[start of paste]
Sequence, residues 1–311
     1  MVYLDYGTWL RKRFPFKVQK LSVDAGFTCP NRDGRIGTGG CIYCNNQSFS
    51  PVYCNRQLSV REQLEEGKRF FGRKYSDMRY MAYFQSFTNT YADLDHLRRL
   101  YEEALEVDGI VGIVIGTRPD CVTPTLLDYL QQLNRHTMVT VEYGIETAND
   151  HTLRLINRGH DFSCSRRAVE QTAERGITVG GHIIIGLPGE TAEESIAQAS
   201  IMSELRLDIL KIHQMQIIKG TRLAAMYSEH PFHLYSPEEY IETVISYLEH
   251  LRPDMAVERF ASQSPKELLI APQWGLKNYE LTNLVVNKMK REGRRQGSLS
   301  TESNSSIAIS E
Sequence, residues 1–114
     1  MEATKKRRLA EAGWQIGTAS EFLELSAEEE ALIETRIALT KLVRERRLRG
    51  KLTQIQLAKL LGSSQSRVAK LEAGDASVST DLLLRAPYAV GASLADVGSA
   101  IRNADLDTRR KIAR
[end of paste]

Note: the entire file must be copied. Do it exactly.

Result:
Sequence, residues 1–311
     1  MVYLDYGTWL RKRFPFKVQK LSVDAGFTCP NRDGRIGTGG CIYCNNQSFS
    51  PVYCNRQLSV REQLEEGKRF FGRKYSDMRY MAYFQSFTNT YADLDHLRRL
   101  YEEALEVDGI VGIVIGTRPD CVTPTLLDYL QQLNRHTMVT VEYGIETAND
   151  HTLRLINRGH DFSCSRRAVE QTAERGITVG GHIIIGLPGE TAEESIAQAS
   201  IMSELRLDIL KIHQMQIIKG TRLAAMYSEH PFHLYSPEEY IETVISYLEH
   251  LRPDMAVERF ASQSPKELLI APQWGLKNYE LTNLVVNKMK REGRRQGSLS
   301  TESNSSIAIS E
Sequence, residues 1–114
     1  MEATKKRRLA EAGWQIGTAS EFLELSAEEE ALIETRIALT KLVRERRLRG
    51  KLTQIQLAKL LGSSQSRVAK LEAGDASVST DLLLRAPYAV GASLADVGSA
   101  IRNADLDTRR KIAR